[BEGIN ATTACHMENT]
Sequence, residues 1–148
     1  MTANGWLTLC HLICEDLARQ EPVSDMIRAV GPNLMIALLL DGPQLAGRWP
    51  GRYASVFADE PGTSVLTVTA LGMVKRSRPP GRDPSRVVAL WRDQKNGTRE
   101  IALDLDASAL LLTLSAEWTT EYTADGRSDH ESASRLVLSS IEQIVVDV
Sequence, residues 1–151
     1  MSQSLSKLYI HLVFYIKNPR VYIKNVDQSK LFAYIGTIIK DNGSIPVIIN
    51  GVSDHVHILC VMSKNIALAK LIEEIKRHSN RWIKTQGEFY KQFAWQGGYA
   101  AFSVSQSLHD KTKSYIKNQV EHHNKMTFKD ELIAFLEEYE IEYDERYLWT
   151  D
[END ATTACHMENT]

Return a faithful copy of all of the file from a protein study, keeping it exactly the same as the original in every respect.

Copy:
Sequence, residues 1–148
     1  MTANGWLTLC HLICEDLARQ EPVSDMIRAV GPNLMIALLL DGPQLAGRWP
    51  GRYASVFADE PGTSVLTVTA LGMVKRSRPP GRDPSRVVAL WRDQKNGTRE
   101  IALDLDASAL LLTLSAEWTT EYTADGRSDH ESASRLVLSS IEQIVVDV
Sequence, residues 1–151
     1  MSQSLSKLYI HLVFYIKNPR VYIKNVDQSK LFAYIGTIIK DNGSIPVIIN
    51  GVSDHVHILC VMSKNIALAK LIEEIKRHSN RWIKTQGEFY KQFAWQGGYA
   101  AFSVSQSLHD KTKSYIKNQV EHHNKMTFKD ELIAFLEEYE IEYDERYLWT
   151  D